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31/05/2013

Longevity Paradise—Bama

Bama County is situated in the Northwestern part of GuangXi Province (a popular destination included in affordable China travel packages). Covering an area of 1,971 Square Kilometers, with a population of 238 thousand, Bama is home to twelve different ethnicities. Listed as the five officially certificated villages of longevity by the International Society of Natural Medicine in November 1991, Bama has the highest concentration of centenarians (People over 100) in the world: 58 out of 220,000 people, centenarians to total population. Bama, therefore has often been reputably referred to as the “Village of Longevity, Sanctuary of China.”

Bama terrain is mostly rocky and mountainous; farmland is very sacred and precious to the locals. The highest peak of Bama extends as far as 1,216 meters off of sea level, while the lowest point is 221 meters above. About the height of 600 to 800 meters, Bama is severed by the BanYang River, known to locals as the River of Life, running from north to south.

Bama is located in a tropical area, with an annual temperature of 20.4 C. and weather relatively mild and gentle throughout the year. Proven by studies, the air of Bama is especially natural and refreshing. Researches show that negative ions, which are highly beneficial to the people body, is vastly abundant in the atmosphere of Bama. With 2,500 in every cubic centimeter, and thirty plus thousand in the upper atmospheres of the Banyang River and the villages, it is 100 to 750 times the amount of Beijing City.

Bama is also home to great historic events. During the 20's and 30's, it was headquarters for many of the most renowned revolutionary leaders, like Deng XiaoPing, Zhang YungMing, and Dian PuoQuen. It was here, where strategies and central planning was discussed. Here you can also learn some history about China to color your    popular China travel package.

Due to Bama's mountainous terrains, living conditions are very poor. However, in the village of BaTun, a population of 515, is now home to amazingly 7 hundred year old seniors, exceeding the United Nation's longevity mark by 200 times. (UN requires an longevity village to have 7 hundred year old seniors out of a population of 20,000) Due to the lack of educational funding and facilities, children in Bama start school at a late age of 10. Only when they reach the stage of high school, would they be expose to T.V., radios, or other mediums of communication. But statistics show a level of educational success that is unmatchable by many metropolitans; there is practically a teacher in every household, two kids accepted into the world renowned Qinghua University, four others are currently studying abroad, etc.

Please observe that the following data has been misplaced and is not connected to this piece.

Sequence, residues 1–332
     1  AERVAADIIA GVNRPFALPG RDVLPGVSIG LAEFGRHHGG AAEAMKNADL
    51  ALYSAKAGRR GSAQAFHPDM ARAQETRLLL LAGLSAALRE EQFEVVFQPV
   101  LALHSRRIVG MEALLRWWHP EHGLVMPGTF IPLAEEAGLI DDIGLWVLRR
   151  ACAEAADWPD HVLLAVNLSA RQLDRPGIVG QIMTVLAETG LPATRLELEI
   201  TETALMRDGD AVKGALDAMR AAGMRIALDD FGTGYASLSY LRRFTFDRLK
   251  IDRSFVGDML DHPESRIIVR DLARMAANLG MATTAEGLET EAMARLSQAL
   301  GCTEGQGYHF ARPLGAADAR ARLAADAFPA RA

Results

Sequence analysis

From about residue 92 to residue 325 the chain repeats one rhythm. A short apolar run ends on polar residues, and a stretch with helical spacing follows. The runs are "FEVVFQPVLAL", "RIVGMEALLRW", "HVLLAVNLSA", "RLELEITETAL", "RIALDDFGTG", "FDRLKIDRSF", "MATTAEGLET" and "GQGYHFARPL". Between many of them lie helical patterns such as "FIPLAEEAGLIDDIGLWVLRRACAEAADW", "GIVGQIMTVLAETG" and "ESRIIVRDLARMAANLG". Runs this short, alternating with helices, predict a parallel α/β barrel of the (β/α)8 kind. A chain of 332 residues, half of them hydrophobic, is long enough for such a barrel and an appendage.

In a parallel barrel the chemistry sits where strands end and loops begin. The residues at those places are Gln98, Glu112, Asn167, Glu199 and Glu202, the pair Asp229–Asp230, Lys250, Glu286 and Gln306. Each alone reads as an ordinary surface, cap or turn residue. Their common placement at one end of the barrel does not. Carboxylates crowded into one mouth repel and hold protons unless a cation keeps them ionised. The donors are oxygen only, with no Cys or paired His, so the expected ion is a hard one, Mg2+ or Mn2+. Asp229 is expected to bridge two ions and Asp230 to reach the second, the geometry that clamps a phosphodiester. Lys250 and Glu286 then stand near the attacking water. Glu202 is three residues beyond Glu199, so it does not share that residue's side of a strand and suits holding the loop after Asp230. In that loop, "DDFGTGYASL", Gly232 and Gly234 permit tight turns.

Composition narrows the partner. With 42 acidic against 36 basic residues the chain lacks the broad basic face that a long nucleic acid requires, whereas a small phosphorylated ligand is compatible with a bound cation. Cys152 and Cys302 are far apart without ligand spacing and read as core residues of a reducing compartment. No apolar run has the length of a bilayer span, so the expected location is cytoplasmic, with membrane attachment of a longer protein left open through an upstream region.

The village of Bama is listed as one of the ten best traveling sites of the GuangXi. On this mysterious land, a place full of attractions, the Bai Muo dong (Name number one cave of the world by British Royal Discovery Team), the surreal Zihu lake, the preserved natural forest,and many many more, together with exotic Yao tribe customs, create a rich, must-see traveling site included in package of China best tours.

In addition to its mystery, Bama is also an area of abundance in nature products. The roast pork of Bama, pearl-like corn, its sesame goat, banana noodles, just to name a few, are selected by the international medical community as the “Green longevity products”.Major natural resources of Bama include Zinc, Iron, Gold, Antimony, etc.

Foundational construction for Bama is moving rapidly. Located on the intersection of City 323 Line and State 323, it is chokehold to Southwestern China, 70 Kilometers from the NangQuen railroads. The city is continuously improving its water, electricity, transportation, and communication systems. Banks, insurance, commerce, hospitals, broadcasting and computer web institutions are well established and accessible.